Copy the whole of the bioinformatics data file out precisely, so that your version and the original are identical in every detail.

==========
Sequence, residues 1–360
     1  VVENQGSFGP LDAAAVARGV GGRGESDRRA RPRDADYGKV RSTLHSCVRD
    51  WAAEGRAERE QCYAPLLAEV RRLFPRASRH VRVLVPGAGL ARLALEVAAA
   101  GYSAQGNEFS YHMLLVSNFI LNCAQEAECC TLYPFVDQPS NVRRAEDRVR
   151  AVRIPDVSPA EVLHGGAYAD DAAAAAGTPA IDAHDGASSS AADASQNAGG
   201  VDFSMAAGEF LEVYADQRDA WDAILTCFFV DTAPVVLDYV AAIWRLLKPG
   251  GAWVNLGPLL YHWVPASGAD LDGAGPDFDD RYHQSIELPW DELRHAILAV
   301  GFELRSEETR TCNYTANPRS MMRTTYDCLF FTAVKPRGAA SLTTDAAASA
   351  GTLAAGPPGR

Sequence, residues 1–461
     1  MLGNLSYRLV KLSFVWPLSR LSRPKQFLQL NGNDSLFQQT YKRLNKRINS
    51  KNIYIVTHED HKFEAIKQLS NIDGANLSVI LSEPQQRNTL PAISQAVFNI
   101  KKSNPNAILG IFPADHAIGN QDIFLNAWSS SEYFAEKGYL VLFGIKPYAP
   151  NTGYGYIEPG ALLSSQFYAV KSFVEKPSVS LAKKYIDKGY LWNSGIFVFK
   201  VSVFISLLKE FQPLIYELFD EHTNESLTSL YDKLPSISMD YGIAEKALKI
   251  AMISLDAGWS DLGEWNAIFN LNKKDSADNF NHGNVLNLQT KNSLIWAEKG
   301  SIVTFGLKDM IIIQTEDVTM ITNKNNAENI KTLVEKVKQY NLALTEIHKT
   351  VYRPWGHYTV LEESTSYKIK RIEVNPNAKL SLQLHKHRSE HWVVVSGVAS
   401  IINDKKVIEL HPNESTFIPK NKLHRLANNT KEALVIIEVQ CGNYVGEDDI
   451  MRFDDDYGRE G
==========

Sequence, residues 1–360
     1  VVENQGSFGP LDAAAVARGV GGRGESDRRA RPRDADYGKV RSTLHSCVRD
    51  WAAEGRAERE QCYAPLLAEV RRLFPRASRH VRVLVPGAGL ARLALEVAAA
   101  GYSAQGNEFS YHMLLVSNFI LNCAQEAECC TLYPFVDQPS NVRRAEDRVR
   151  AVRIPDVSPA EVLHGGAYAD DAAAAAGTPA IDAHDGASSS AADASQNAGG
   201  VDFSMAAGEF LEVYADQRDA WDAILTCFFV DTAPVVLDYV AAIWRLLKPG
   251  GAWVNLGPLL YHWVPASGAD LDGAGPDFDD RYHQSIELPW DELRHAILAV
   301  GFELRSEETR TCNYTANPRS MMRTTYDCLF FTAVKPRGAA SLTTDAAASA
   351  GTLAAGPPGR

Sequence, residues 1–461
     1  MLGNLSYRLV KLSFVWPLSR LSRPKQFLQL NGNDSLFQQT YKRLNKRINS
    51  KNIYIVTHED HKFEAIKQLS NIDGANLSVI LSEPQQRNTL PAISQAVFNI
   101  KKSNPNAILG IFPADHAIGN QDIFLNAWSS SEYFAEKGYL VLFGIKPYAP
   151  NTGYGYIEPG ALLSSQFYAV KSFVEKPSVS LAKKYIDKGY LWNSGIFVFK
   201  VSVFISLLKE FQPLIYELFD EHTNESLTSL YDKLPSISMD YGIAEKALKI
   251  AMISLDAGWS DLGEWNAIFN LNKKDSADNF NHGNVLNLQT KNSLIWAEKG
   301  SIVTFGLKDM IIIQTEDVTM ITNKNNAENI KTLVEKVKQY NLALTEIHKT
   351  VYRPWGHYTV LEESTSYKIK RIEVNPNAKL SLQLHKHRSE HWVVVSGVAS
   401  IINDKKVIEL HPNESTFIPK NKLHRLANNT KEALVIIEVQ CGNYVGEDDI
   451  MRFDDDYGRE G